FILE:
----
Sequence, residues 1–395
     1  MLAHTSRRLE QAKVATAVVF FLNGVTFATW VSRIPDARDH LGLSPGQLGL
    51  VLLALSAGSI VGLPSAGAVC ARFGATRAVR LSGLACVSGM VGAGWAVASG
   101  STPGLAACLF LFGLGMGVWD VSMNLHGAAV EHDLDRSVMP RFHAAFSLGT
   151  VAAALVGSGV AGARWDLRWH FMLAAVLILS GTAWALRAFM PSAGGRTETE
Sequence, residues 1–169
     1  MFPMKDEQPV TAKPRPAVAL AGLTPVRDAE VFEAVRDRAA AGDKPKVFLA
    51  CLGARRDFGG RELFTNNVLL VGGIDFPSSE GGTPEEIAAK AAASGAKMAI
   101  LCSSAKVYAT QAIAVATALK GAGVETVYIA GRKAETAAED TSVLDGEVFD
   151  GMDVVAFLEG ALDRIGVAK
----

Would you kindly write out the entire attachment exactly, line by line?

Sequence, residues 1–395
     1  MLAHTSRRLE QAKVATAVVF FLNGVTFATW VSRIPDARDH LGLSPGQLGL
    51  VLLALSAGSI VGLPSAGAVC ARFGATRAVR LSGLACVSGM VGAGWAVASG
   101  STPGLAACLF LFGLGMGVWD VSMNLHGAAV EHDLDRSVMP RFHAAFSLGT
   151  VAAALVGSGV AGARWDLRWH FMLAAVLILS GTAWALRAFM PSAGGRTETE
Sequence, residues 1–169
     1  MFPMKDEQPV TAKPRPAVAL AGLTPVRDAE VFEAVRDRAA AGDKPKVFLA
    51  CLGARRDFGG RELFTNNVLL VGGIDFPSSE GGTPEEIAAK AAASGAKMAI
   101  LCSSAKVYAT QAIAVATALK GAGVETVYIA GRKAETAAED TSVLDGEVFD
   151  GMDVVAFLEG ALDRIGVAK